A Simple Model Illustrating Baroclinic Development

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  • 1 Department of Meteorology, The Pennsylvania State University, University Park, Pa. 16802
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A simple one-layer, quasi-geostrophic model of vertical motion and surface pressure tendency is derived and used to illustrate relationships between various parameters such as stability, latitude, wind speed, and the sea-level pressure tendency for sinusoidal disturbances in a baroclinic current. It is shown in the model that the wavelength at which the maximum surface pressure tendency occurs varies with the Rossby radius of deformation, as well as with the zonal wind speed and amplitude of the disturbance. In the case of a simulated polar cyclone, which exists at high latitudes under conditions of low static stability and shallow atmospheric depth, the wavelength of maximum growth rate is relatively short.

The primary virtue of this model is that it can be used as a pedagogical tool for explaining quantitatively, but without lengthy calculations, the behavior of surface pressure systems.

A simple one-layer, quasi-geostrophic model of vertical motion and surface pressure tendency is derived and used to illustrate relationships between various parameters such as stability, latitude, wind speed, and the sea-level pressure tendency for sinusoidal disturbances in a baroclinic current. It is shown in the model that the wavelength at which the maximum surface pressure tendency occurs varies with the Rossby radius of deformation, as well as with the zonal wind speed and amplitude of the disturbance. In the case of a simulated polar cyclone, which exists at high latitudes under conditions of low static stability and shallow atmospheric depth, the wavelength of maximum growth rate is relatively short.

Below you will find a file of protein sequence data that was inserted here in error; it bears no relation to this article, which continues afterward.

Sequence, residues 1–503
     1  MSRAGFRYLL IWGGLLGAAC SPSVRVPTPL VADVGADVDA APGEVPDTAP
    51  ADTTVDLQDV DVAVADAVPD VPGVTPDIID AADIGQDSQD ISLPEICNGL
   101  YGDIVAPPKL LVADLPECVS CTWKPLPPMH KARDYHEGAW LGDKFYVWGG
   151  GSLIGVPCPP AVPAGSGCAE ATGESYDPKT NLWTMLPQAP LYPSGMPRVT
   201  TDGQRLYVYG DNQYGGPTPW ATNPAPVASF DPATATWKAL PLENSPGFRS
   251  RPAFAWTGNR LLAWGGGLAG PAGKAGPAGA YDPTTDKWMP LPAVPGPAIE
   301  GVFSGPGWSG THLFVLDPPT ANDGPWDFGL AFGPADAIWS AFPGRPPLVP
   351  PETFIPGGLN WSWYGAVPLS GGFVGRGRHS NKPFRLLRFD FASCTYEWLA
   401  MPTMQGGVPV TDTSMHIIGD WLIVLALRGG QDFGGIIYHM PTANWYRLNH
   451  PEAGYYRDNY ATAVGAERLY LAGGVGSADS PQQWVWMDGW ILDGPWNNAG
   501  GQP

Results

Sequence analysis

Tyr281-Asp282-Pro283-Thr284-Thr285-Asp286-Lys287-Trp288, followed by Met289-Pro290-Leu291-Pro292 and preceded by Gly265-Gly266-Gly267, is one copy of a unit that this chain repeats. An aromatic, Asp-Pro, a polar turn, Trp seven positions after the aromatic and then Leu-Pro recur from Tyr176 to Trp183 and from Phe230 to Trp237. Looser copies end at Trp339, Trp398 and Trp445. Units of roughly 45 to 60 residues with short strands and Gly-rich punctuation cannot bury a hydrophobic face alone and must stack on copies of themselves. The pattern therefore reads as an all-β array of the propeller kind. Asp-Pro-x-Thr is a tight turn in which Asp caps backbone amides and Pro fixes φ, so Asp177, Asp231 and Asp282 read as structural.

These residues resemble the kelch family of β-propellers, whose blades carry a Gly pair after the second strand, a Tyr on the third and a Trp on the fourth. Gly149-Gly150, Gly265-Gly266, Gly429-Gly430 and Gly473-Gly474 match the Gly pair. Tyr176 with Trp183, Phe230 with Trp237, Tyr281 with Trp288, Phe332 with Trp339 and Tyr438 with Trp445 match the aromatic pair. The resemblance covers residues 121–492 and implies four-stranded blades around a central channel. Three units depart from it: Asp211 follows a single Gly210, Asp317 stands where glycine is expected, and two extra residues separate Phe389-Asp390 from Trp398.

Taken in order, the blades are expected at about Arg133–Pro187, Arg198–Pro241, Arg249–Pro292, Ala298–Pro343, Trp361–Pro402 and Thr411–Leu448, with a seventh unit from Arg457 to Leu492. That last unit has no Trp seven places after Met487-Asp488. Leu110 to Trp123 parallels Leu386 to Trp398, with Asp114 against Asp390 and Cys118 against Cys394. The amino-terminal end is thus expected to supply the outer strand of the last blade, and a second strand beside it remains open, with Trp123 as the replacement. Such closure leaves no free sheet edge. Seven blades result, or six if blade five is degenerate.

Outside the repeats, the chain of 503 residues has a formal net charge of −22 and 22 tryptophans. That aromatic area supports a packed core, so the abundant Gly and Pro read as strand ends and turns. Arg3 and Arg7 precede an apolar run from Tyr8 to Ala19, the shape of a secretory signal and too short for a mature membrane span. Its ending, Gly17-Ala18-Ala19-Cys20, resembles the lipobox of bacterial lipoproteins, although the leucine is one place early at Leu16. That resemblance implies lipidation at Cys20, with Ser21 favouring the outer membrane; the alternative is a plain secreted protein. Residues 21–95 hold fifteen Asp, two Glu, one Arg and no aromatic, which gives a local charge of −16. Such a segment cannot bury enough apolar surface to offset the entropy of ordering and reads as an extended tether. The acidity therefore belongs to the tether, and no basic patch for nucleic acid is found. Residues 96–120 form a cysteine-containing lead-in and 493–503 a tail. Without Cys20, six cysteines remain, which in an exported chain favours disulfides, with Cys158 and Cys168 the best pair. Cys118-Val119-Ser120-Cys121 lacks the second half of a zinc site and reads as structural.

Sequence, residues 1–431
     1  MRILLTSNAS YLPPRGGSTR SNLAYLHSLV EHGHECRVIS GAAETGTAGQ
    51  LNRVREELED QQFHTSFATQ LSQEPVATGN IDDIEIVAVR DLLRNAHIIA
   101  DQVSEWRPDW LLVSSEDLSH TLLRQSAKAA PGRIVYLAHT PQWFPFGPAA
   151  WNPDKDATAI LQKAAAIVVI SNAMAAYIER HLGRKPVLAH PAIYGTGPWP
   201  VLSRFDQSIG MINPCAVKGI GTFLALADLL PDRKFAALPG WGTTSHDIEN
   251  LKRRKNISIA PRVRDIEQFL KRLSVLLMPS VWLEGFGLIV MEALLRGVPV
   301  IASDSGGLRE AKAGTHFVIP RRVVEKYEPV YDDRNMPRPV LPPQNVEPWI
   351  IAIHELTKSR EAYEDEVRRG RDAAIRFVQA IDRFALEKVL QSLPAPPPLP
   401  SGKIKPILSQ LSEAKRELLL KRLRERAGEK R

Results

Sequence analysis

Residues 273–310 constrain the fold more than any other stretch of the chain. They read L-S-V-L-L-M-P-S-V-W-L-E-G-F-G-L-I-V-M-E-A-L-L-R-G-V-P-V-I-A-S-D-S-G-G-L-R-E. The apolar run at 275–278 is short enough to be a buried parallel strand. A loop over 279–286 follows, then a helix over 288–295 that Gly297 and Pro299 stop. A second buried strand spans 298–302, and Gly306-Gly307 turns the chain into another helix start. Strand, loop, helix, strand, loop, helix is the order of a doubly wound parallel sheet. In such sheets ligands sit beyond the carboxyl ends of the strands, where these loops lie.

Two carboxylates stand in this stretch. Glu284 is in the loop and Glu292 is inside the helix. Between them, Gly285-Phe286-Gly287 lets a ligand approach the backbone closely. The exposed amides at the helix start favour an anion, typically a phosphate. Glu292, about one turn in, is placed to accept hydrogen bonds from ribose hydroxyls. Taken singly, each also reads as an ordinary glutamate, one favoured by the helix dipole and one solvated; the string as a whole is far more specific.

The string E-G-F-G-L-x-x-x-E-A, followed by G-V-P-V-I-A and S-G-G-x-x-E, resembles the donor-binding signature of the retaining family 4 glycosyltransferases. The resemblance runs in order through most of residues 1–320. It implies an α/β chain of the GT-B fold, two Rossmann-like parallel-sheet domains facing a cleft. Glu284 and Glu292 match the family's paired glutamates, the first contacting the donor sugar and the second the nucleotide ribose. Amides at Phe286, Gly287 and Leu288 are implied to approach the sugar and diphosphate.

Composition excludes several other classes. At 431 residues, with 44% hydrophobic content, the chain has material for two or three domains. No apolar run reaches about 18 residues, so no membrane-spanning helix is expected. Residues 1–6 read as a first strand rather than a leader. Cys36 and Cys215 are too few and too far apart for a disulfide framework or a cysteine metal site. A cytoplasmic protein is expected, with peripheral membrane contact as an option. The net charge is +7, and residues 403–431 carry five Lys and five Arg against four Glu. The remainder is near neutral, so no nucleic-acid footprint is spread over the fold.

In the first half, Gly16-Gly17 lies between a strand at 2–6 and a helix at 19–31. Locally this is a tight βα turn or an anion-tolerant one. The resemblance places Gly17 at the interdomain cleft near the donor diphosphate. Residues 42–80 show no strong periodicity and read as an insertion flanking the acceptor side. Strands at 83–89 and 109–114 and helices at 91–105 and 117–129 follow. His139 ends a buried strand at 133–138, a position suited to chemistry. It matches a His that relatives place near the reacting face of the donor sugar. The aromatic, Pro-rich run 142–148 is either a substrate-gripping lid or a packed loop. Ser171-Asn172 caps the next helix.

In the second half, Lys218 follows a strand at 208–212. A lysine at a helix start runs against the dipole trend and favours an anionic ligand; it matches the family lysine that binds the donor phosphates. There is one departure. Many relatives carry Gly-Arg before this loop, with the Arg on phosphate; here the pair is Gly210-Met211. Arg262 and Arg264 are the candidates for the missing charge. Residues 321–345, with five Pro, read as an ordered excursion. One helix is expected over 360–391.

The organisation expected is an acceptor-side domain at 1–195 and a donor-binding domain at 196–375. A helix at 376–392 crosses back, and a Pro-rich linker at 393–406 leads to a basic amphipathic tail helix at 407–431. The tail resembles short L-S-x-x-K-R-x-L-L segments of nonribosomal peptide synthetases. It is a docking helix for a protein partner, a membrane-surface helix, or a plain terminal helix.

The primary virtue of this model is that it can be used as a pedagogical tool for explaining quantitatively, but without lengthy calculations, the behavior of surface pressure systems.

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